Where can I get the UV glass and the acid free backing/spacers?
Hmm, the UV plexi/glass would have to be cut and done by the framer. I don't do too much DIY, so maybe someone else can weigh in. You should be able to find acid free backing and mats at your local framers' or art supply store. I am sure there are many options in NY.
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wizzack
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Sat Dec 29, 2012 1:27 am

hogie777 wrote:
bulkhead72 wrote:If you are happy with the frames you have currently (i.e. they get the job done and you are satisfied), you can always just upgrade the backing and mat to acid free, and the glass to UV/plexi, as well as buy spacers (if needed), as opposed to ditching the older frames altogether. Also, if you have a very valuable print and intend on framing it, then it makes sense to go the whole 9 yards and getting a nice custom job done.
Where can I get the UV glass and the acid free backing/spacers?
you can get uv glass and spacers if required at hobby lobby and michaels if you have them. There's other chain stores that carry them, maybe Aaron bros?
smm24339
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Sat Dec 29, 2012 3:39 am

wizzack wrote:
hogie777 wrote:
bulkhead72 wrote:If you are happy with the frames you have currently (i.e. they get the job done and you are satisfied), you can always just upgrade the backing and mat to acid free, and the glass to UV/plexi, as well as buy spacers (if needed), as opposed to ditching the older frames altogether. Also, if you have a very valuable print and intend on framing it, then it makes sense to go the whole 9 yards and getting a nice custom job done.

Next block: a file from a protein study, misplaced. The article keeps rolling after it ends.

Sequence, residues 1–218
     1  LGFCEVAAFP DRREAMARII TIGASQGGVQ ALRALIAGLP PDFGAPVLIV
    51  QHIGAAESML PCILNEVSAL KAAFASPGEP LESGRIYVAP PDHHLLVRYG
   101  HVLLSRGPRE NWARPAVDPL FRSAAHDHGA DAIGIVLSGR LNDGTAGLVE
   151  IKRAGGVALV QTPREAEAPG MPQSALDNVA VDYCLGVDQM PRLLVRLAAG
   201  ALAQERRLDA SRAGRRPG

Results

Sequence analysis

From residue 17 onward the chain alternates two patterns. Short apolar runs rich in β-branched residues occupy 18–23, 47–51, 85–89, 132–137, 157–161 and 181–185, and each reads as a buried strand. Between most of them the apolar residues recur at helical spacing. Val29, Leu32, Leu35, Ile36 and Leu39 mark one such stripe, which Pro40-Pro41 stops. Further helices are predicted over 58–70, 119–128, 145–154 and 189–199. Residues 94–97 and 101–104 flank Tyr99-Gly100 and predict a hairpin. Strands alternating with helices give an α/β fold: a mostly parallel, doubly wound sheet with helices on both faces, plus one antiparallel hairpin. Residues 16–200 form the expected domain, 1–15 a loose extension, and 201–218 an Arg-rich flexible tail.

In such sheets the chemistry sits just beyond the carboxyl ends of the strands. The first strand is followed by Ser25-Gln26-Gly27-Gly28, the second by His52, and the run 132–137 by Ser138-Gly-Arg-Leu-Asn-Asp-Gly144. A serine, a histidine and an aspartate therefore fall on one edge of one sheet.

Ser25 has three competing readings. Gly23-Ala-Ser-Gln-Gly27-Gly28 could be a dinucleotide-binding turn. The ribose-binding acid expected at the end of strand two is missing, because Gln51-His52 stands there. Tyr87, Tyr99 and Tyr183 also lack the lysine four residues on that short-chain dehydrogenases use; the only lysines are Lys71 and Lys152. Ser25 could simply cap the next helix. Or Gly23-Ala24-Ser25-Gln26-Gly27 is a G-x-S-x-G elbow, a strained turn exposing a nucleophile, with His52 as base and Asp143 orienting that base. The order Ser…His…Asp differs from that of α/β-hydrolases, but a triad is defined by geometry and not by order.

Where can I get the UV glass and the acid free backing/spacers?
you can get uv glass and spacers if required at hobby lobby and michaels if you have them. There's other chain stores that carry them, maybe Aaron bros?
Hogie

I did the exact same thing! I'm in the process of getting them out and into temporary storage (some sort of portfolio with the polypropylene sheets). My habit has not turned too bad yet so i dont have a ton of prints. And I don't have the room for a flat file.
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misterwhisper
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Sat Dec 29, 2012 3:56 am

hogie777 wrote:
bulkhead72 wrote:If you are happy with the frames you have currently (i.e. they get the job done and you are satisfied), you can always just upgrade the backing and mat to acid free, and the glass to UV/plexi, as well as buy spacers (if needed), as opposed to ditching the older frames altogether. Also, if you have a very valuable print and intend on framing it, then it makes sense to go the whole 9 yards and getting a nice custom job done.
Where can I get the UV glass and the acid free backing/spacers?
You can go back to Michael's and purchase acid-free backing -- look for archival foamboard. They can cut UV glass/plexi too, but it's expensive. If you're using standard-sized frames, there's a good chance that you can buy pre-cut standard-size UV plexi for less at bags unlimited:
http://www.bagsunlimited.com/c-438-clea ... ts.aspx#UV
or you purchase it custom-cut to your specs here:
http://www.acrylite-shop.com/US/us/cutt ... rom=detail
If you prefer UV glass, it doesn't ship well so it will most likely have to be purchased locally.